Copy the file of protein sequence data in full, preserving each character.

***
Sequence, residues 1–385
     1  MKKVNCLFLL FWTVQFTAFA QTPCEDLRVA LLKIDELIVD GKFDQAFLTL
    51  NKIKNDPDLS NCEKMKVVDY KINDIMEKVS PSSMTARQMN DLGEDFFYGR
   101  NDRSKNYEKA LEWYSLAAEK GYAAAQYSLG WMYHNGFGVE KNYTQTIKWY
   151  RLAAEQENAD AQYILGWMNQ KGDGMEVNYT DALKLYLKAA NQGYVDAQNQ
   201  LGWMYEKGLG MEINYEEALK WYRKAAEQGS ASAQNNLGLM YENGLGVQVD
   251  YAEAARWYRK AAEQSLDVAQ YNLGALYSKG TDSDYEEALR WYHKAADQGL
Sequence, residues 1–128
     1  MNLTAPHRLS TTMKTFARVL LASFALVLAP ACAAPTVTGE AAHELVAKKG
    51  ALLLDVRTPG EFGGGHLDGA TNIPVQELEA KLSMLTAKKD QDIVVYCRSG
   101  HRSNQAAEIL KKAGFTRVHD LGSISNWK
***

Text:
Sequence, residues 1–385
     1  MKKVNCLFLL FWTVQFTAFA QTPCEDLRVA LLKIDELIVD GKFDQAFLTL
    51  NKIKNDPDLS NCEKMKVVDY KINDIMEKVS PSSMTARQMN DLGEDFFYGR
   101  NDRSKNYEKA LEWYSLAAEK GYAAAQYSLG WMYHNGFGVE KNYTQTIKWY
   151  RLAAEQENAD AQYILGWMNQ KGDGMEVNYT DALKLYLKAA NQGYVDAQNQ
   201  LGWMYEKGLG MEINYEEALK WYRKAAEQGS ASAQNNLGLM YENGLGVQVD
   251  YAEAARWYRK AAEQSLDVAQ YNLGALYSKG TDSDYEEALR WYHKAADQGL
Sequence, residues 1–128
     1  MNLTAPHRLS TTMKTFARVL LASFALVLAP ACAAPTVTGE AAHELVAKKG
    51  ALLLDVRTPG EFGGGHLDGA TNIPVQELEA KLSMLTAKKD QDIVVYCRSG
   101  HRSNQAAEIL KKAGFTRVHD LGSISNWK